Wednesday, May 04, 2005

Just eating?

justeat240.jpgI learned through this news story about a new study resource, "Just Eating? Practicing Our Faith at the Table." The seven-week curriculum was written by Jennifer Halteman Schrock and explores the connections between food and justice and spirituality.

The six units in the curriculum are:
  • Sharing Food as Sacramental
  • Nurturing the Body
  • Hunger
  • Food and the Environment
  • Creating Community with Food
  • Responding to God's Call
Although I did not know this resource was being prepared, a number of events over the last several months have caused me to be asking whether there is a resource that can help thoughtful people get their heads around some of these issues. These events have included: conversations with neighbors in financial straits concerned about how their families will eat; shopping and noticing that it is increasingly difficult to find basic, unprocessed foods with which healthful meals could be made; and those occasional 'wake-up' moments when I recognize with shock my own poor choices about what I am eating because I didn't take the time to plan to fix something appropriate for my own health needs.

Over the past couple months in particular I've found myself thinking about the intersection of food with justice. I was pleased to see that Yum! Brands, the largest chain of restaurants in the world, has adopted a Supplier Code of Conduct, which will require all of its U.S. suppliers to be able to verify their compliance with a number of socially responsible practices. This Code is in addition to specific policies of Yum!'s subsidiary Taco Bell, who is requiring their Florida tomato growers to pass through an additional penny a pound for tomatoes to the migrant workers who pick them. Policies such as this can set a standard for others in the industry.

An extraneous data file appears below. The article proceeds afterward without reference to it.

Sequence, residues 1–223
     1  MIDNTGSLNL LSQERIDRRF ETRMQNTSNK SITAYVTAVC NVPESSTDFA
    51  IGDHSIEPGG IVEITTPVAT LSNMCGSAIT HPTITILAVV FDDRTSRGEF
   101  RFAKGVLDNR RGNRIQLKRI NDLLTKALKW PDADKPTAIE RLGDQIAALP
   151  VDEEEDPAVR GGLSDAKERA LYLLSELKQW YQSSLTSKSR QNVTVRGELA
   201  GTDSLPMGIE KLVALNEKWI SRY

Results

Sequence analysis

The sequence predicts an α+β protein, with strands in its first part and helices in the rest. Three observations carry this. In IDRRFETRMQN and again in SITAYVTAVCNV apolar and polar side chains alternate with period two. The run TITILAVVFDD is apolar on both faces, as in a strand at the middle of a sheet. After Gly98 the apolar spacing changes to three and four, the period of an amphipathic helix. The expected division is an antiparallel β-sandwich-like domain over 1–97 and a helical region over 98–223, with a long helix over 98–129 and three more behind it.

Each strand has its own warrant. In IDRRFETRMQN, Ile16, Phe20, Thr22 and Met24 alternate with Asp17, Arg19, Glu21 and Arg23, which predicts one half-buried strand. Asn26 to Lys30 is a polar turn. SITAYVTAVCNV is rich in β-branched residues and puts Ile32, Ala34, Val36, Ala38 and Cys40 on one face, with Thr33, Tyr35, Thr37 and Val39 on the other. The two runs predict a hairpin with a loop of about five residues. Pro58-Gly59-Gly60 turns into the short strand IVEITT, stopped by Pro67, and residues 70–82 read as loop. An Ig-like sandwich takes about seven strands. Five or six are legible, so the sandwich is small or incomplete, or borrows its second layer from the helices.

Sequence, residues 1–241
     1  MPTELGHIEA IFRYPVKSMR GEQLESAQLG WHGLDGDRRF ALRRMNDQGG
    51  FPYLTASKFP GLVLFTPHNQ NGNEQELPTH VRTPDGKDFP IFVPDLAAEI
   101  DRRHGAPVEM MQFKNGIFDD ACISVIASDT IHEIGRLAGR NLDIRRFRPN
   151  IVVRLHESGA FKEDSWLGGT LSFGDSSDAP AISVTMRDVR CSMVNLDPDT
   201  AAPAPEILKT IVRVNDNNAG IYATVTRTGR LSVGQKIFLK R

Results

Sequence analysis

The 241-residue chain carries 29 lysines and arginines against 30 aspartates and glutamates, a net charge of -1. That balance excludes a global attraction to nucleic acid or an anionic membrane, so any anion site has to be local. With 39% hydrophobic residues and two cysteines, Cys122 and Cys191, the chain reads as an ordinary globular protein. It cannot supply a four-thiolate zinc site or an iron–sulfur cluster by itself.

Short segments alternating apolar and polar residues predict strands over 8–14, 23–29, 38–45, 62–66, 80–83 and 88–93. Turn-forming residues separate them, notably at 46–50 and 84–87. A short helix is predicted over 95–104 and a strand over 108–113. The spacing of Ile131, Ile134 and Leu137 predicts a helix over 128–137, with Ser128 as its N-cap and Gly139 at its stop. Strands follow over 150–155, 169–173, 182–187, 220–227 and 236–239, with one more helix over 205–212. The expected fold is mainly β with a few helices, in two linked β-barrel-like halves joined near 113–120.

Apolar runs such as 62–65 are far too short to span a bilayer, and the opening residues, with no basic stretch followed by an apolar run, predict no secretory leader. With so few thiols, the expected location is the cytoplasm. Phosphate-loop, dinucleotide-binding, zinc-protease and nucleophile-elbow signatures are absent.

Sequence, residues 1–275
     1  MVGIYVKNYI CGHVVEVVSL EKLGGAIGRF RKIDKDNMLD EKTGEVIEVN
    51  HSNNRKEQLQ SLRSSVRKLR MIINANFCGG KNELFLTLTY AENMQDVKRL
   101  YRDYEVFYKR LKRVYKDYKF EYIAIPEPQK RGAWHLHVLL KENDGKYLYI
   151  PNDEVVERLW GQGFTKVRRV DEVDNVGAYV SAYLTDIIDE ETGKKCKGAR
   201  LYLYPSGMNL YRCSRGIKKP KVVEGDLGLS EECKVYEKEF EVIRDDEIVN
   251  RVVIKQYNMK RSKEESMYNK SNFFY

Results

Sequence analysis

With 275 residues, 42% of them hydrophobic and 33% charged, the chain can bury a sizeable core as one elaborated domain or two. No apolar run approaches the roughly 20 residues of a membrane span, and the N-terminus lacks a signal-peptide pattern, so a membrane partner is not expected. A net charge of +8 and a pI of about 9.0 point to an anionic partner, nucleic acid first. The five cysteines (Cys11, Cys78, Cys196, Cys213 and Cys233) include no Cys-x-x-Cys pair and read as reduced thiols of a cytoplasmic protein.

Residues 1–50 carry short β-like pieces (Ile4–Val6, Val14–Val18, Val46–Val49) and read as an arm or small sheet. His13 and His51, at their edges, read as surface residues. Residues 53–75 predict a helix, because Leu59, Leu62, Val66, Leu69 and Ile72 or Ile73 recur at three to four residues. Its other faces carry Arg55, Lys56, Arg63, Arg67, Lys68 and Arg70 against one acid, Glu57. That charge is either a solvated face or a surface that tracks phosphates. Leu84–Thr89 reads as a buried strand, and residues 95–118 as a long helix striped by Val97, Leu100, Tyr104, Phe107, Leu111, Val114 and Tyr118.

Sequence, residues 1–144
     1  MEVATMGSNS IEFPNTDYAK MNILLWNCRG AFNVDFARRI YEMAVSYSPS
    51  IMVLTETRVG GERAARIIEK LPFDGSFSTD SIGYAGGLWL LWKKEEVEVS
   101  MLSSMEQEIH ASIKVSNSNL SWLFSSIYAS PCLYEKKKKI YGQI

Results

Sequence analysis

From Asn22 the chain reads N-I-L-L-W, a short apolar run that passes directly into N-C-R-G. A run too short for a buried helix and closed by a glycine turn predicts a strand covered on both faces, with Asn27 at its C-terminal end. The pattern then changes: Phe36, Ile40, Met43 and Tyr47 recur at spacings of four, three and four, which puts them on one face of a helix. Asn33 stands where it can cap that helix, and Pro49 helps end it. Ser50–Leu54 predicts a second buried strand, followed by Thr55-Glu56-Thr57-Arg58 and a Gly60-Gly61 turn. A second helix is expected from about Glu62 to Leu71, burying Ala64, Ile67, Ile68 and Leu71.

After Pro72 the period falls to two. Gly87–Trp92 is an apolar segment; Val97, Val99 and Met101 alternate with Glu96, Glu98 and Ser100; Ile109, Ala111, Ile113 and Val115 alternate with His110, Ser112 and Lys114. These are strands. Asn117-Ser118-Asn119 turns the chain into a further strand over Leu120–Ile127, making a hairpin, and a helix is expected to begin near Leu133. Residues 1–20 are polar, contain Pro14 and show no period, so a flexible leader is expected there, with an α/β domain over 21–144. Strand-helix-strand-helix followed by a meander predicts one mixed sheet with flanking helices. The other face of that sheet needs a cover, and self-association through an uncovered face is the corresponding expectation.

Tuesday night at the Meal and Ministry, one of the children present asked who made the food we were eating. I started to take the credit, but quickly had to admit that someone else harvested the grain, someone else ground it into flour, someone else made it into noodles for me to cook, etc. It is almost impossible to do so simple a thing as eat a meal without being connected to an enormous network of often forgotten people who all made the meal possible.

As I reviewed the materials in "Just Eating?" I particularly appreciated the observations that the miracle of the feeding of the five thousand took place in a setting of political oppression and likely at a time when civil unrest was reaching dangerous levels.

Free download of the participants' and leaders' guides as well as ordering information can be found here.

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